Tapping The Strategic Petroleum Reserve Will Make Oil Supplies Worse
The White House, as expected, on Tuesday announced a plan to curb sky-high energy prices, which includes tapping the U.S. Strategic Petroleum Reserve [SPR] by releasing 50 million barrels of oil in concert with China, Japan, India, UK, and South Korea.
Now, Biden and his team need a lesson in economics. If you try to use the SPR as a weapon it will backfire because it will only serve to artificially lower prices, thereby increasing demand making supplies tighter in the long run.
Number two, it will discourage production in the new oil fields and thereby creating an even larger shortage down the road. It will also give OPEC more power because the left amount of oil in the global strategic petroleum reserve will be less.
Since its inception, the International Energy Administration (IEA) has intervened in oil markets three times by releasing oil stocks.
The first time was in 1991 during the Gulf War; next in 2005, a month after Hurricane Katrina affected U.S. production by releasing two million barrels per day; and lastly in 2011, to offset a continued disruption to oil supplies as a result of the Libyan civil war.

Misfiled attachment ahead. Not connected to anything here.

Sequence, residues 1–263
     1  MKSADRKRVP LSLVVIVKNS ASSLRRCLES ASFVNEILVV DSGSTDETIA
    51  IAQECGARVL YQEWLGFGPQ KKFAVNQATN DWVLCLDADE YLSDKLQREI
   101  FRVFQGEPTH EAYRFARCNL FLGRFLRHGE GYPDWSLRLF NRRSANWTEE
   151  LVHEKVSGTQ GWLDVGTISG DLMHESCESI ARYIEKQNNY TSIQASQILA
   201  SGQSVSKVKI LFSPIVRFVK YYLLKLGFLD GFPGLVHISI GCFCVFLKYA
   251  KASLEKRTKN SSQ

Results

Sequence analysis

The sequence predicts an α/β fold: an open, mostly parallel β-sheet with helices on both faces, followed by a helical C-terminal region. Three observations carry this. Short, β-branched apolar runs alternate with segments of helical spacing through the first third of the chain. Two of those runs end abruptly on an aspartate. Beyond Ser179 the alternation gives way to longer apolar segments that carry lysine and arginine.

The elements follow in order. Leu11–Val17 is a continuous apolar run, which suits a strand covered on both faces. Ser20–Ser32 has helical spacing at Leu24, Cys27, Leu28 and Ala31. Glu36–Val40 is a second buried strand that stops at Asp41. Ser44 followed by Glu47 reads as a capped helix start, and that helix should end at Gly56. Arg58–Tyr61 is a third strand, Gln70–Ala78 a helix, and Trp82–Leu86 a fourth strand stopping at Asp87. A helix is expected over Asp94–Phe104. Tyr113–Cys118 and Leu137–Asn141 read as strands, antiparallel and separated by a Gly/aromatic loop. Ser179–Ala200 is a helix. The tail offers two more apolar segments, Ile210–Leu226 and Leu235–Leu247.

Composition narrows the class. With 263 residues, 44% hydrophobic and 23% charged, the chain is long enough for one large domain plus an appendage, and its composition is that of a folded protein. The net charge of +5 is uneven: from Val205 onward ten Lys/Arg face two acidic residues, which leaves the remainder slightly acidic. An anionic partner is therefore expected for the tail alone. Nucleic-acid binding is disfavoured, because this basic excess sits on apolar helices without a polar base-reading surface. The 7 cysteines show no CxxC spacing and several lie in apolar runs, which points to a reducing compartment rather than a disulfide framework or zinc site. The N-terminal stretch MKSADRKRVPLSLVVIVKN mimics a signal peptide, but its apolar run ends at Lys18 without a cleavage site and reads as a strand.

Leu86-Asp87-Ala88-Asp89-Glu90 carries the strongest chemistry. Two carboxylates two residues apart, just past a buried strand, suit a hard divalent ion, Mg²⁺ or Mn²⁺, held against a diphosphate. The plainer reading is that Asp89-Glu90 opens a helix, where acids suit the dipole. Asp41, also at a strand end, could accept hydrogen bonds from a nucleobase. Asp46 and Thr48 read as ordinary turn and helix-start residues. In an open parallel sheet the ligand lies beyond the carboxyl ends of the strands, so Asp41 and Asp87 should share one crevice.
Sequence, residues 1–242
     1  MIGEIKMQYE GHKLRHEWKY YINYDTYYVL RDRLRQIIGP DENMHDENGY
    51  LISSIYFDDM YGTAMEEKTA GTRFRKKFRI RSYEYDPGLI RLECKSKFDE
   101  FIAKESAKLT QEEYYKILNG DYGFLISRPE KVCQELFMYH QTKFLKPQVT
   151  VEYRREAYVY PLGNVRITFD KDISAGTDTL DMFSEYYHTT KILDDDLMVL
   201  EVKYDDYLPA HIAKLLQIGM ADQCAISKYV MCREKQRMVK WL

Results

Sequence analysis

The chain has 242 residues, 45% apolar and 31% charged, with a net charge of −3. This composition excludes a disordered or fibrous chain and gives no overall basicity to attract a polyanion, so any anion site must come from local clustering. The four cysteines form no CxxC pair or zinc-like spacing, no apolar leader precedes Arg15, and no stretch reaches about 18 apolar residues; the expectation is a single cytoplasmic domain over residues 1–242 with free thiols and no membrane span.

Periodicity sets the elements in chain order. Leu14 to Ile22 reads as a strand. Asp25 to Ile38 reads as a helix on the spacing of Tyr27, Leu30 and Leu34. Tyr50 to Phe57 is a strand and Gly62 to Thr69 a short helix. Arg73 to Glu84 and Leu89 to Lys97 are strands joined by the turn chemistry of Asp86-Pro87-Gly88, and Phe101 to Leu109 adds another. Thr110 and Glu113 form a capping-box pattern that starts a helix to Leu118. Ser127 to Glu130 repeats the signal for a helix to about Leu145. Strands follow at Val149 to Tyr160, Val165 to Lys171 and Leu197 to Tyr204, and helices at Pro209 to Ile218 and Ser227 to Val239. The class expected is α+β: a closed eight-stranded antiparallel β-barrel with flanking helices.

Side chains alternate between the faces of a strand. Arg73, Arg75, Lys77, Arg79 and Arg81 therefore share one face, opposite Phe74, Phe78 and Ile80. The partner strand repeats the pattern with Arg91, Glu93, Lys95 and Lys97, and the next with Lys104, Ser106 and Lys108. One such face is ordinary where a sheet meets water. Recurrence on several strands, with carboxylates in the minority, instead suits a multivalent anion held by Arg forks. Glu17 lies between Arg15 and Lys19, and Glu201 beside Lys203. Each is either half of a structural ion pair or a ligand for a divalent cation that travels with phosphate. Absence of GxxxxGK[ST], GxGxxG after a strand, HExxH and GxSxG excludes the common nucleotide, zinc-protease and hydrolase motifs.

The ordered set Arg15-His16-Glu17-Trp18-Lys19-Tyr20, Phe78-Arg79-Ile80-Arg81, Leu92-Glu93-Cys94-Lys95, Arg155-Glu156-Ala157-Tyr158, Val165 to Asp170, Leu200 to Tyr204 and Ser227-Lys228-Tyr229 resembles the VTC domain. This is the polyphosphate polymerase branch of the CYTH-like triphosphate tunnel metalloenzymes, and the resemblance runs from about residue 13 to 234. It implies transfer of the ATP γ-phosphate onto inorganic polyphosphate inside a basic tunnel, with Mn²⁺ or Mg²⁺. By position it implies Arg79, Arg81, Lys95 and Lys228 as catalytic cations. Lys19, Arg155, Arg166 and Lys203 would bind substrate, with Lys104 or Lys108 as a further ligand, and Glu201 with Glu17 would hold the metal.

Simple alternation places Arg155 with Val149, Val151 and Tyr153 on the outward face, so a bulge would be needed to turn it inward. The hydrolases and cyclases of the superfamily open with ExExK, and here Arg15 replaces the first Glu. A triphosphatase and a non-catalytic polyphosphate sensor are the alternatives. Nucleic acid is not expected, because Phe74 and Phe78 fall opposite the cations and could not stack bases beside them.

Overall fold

Each time the IEA had a real reason to intervene in the market and it wasn’t [for] price action.
The oil reserve is for national emergencies, not to compensate for the consequences of your bad policies. And what are supposed to do if we face a real emergency before the reserve is replenished? https://t.co/lduumvV4OJ
— Mark Krikorian (@MarkSKrikorian) November 23, 2021
So in the long run, unless the Biden administration plans to reverse course and allow U.S. producers to produce more oil, what we’re going to find is that this plan is going to make us more dependent on OPEC in the future.
The problem in the market isn’t short supply because the cartel isn’t producing enough oil — there is a problem in the market because U.S. oil production has been thwarted by the Biden administration, restricting U.S. oil producers from producing enough oil at a time when oil demand is rising. They have discouraged investment in fossil fuels.
The irony of these potential fixes comes as Biden pushes strict regulations on methane emissions from oil and gas production. This sends mixed messages not only to U.S. energy producers but to the world.
Conflicting energy policy is not going to help advance his agenda on green energy nor will it help bring energy prices down at home.
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